Somehow, the Allroad feels like so much more than a jacked-up A4 Avant. The excellent ride quality certain helps, but the well-chosen cosmetic upgrades also play a part. In such an image-conscious sector, lifting the Allroad above the common or garden sales-rep special will be all important. On this evidence, Audi has played a blinder.

In isolation then, it’s a thoroughly convincing and highly likeable product. We’ll reserve final judgement until we’ve a) driven it on UK roads, and b) tested it on surfaces other than silken German roads. There’s also the enemy within, in the form of the Audi A6 Allroad, which is both larger and benefits from the addition of the brilliant 3.0-litre bi-turbodiesel engine.

But if you’re in the market for a premium wagon and you don’t expect to venture further off road than the point-to-point car park, the Audi A4 Allroad is a seriously impressive machine. Just make sure you don’t tick the box marked body-coloured cladding. The Allroad looks its best in authentic off-road spec (see below) and marks you out as a driver of fine taste.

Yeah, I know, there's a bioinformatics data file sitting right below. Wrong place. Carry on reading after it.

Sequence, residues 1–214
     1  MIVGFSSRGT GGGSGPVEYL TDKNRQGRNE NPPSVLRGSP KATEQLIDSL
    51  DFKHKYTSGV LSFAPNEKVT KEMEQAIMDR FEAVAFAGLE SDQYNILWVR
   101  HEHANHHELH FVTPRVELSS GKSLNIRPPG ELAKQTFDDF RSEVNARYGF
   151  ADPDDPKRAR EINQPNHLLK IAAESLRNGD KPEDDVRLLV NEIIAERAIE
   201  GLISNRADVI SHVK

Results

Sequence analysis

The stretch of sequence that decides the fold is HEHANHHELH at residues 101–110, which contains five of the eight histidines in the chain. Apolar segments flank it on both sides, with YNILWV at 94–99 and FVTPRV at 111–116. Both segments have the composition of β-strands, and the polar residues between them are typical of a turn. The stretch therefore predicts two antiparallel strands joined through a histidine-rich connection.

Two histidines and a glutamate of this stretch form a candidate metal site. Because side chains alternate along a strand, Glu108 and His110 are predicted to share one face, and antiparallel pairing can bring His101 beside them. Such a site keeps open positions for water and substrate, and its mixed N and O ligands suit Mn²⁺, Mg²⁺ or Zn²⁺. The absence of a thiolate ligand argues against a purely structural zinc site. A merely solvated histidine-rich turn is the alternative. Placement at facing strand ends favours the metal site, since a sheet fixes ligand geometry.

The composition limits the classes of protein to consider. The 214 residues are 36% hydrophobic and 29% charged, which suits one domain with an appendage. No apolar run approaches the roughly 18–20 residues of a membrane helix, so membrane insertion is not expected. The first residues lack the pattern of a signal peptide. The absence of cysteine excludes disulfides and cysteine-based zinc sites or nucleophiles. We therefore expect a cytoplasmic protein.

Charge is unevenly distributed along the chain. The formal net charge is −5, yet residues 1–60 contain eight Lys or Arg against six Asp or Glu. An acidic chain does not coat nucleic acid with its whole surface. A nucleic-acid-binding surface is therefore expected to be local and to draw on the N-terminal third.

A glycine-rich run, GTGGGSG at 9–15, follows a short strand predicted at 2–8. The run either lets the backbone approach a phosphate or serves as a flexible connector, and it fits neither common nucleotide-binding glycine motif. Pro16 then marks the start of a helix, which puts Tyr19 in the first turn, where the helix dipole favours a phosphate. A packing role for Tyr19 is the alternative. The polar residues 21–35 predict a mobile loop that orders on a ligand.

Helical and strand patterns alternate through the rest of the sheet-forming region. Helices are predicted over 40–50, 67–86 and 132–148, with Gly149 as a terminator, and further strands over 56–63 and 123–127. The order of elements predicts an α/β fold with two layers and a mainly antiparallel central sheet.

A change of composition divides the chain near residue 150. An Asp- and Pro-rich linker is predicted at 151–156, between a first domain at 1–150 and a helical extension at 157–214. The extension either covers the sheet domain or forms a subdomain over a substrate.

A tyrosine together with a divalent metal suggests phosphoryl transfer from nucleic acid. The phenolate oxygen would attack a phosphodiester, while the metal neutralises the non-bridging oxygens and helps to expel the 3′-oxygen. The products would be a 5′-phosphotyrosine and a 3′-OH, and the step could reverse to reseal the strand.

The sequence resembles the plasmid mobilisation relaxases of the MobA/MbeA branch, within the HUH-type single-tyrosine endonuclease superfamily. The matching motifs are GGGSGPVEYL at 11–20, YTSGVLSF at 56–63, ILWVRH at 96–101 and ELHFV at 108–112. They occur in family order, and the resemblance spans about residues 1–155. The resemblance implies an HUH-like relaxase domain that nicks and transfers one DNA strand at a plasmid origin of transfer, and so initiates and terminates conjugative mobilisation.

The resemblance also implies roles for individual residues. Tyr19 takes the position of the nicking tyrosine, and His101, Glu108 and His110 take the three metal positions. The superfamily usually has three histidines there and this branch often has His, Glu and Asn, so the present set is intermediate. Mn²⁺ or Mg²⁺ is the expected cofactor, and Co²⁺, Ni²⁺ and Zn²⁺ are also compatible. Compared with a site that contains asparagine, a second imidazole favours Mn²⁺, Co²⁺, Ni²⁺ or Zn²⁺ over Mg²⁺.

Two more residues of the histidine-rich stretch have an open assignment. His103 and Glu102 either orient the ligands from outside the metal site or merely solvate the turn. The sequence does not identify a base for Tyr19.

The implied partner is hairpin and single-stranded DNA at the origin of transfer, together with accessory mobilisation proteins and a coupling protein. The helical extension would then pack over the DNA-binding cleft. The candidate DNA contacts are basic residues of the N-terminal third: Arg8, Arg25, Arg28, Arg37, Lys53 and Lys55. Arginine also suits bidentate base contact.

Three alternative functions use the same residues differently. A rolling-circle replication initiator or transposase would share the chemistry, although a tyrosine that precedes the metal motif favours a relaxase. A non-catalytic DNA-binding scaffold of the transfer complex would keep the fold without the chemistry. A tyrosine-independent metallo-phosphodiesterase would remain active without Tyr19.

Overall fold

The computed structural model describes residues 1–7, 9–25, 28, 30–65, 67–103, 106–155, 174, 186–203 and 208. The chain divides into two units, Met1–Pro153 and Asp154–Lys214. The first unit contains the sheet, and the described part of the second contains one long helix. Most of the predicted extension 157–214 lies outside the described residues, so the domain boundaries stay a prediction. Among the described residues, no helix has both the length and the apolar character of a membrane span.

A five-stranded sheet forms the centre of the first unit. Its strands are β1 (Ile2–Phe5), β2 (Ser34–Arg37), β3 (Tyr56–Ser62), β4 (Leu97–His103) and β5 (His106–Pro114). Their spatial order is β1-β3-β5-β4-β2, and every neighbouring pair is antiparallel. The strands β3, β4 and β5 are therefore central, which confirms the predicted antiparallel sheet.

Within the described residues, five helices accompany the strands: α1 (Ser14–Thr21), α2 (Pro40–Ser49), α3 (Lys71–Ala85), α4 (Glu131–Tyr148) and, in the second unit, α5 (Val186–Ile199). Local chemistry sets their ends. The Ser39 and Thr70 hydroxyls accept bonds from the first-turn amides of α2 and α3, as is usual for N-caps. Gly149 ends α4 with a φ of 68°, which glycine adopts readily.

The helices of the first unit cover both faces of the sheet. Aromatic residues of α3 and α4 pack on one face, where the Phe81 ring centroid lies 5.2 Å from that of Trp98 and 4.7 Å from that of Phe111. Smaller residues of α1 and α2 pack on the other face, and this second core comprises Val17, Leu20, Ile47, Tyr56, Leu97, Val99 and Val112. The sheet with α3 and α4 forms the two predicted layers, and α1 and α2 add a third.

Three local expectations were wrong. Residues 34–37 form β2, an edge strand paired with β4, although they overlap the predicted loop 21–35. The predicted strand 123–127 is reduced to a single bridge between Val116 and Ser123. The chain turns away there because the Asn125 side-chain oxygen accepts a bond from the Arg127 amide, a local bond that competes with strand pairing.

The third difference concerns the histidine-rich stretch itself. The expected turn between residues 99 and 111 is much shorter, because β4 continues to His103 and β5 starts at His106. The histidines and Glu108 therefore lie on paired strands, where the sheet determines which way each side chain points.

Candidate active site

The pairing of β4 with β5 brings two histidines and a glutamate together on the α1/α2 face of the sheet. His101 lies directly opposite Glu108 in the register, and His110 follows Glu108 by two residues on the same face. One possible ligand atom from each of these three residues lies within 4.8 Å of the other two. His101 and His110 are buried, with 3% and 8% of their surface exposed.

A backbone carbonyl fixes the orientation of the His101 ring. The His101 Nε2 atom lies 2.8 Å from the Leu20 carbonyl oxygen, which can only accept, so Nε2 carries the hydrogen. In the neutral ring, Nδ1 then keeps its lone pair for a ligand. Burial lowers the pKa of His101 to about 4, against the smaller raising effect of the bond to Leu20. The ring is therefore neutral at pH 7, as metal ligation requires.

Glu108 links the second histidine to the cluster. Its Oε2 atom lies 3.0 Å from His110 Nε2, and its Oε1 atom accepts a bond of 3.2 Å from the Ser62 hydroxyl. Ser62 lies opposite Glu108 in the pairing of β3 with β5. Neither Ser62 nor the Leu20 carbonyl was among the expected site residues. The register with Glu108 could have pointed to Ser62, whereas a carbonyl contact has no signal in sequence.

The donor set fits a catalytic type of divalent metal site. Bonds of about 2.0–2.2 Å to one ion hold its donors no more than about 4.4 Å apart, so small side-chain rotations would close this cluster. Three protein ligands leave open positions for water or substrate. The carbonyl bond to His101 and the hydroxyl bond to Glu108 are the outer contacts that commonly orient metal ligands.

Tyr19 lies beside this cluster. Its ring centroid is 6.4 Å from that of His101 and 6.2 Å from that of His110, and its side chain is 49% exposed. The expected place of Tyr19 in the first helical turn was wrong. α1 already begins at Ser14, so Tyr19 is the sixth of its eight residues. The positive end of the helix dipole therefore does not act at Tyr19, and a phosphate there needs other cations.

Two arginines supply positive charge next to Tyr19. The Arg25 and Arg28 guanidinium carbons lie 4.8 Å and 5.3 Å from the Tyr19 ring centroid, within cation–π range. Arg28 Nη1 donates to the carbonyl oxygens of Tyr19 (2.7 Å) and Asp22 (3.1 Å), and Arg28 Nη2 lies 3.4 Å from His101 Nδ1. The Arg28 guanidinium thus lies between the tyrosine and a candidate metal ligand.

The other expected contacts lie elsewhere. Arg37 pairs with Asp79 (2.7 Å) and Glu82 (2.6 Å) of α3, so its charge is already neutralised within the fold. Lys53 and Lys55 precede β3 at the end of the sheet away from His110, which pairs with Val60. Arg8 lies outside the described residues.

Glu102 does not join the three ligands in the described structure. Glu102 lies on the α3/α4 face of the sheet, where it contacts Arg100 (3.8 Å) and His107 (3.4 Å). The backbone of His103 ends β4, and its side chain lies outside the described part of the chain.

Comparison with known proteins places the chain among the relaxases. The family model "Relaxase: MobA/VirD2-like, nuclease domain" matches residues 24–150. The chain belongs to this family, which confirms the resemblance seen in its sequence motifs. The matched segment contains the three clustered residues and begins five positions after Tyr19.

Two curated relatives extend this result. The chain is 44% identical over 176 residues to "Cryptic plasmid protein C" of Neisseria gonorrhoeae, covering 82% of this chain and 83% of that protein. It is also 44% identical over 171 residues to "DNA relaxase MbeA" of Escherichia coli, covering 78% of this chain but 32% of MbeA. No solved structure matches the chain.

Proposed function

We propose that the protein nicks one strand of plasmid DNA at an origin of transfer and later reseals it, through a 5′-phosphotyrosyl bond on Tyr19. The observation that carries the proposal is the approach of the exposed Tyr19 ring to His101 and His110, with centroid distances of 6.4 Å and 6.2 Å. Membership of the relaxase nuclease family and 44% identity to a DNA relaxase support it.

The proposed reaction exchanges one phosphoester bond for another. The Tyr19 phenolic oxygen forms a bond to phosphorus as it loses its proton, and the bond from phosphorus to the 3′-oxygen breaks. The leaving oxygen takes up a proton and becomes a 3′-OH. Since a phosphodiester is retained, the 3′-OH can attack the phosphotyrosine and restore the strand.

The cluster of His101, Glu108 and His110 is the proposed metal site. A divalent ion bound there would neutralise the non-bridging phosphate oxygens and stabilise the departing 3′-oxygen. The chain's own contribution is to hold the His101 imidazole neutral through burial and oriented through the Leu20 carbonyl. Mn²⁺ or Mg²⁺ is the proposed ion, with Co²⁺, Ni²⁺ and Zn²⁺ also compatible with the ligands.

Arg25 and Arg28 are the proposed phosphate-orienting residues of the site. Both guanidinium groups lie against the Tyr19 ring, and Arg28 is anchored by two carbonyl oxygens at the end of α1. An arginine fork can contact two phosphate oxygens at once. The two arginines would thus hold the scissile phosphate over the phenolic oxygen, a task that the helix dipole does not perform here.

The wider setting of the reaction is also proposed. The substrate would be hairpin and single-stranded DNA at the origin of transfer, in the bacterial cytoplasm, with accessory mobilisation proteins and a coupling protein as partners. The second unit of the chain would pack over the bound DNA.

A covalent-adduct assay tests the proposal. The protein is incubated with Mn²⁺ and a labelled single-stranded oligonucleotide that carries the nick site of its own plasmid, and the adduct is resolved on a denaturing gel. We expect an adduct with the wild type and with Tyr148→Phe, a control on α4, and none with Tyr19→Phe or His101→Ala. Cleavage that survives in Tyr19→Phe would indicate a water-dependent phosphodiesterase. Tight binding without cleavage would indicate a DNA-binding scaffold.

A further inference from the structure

Far from being an ageing dinosaur, Audi has proved that there’s still life in the off-road estate car. And right now, the Allroad is the pick of the bunch. Still want that me-too crossover with the daft name?

Audi A4 Allroad 3.0 TDI: specification

Price: £39,180 (prices from £35,560)
Engine: 3.0-litre six-cylinder turbodiesel
Gearbox: 8-speed triptronic
Power: 272hp
Torque: 442lb ft
0-62mph: 6.6 seconds
Top speed: 143mph
Fuel economy: 53.3mpg
CO2 emissions: 139g/km

0 replies

Leave a Reply

Want to join the discussion?
Feel free to contribute!

Leave a Reply

Your email address will not be published. Required fields are marked *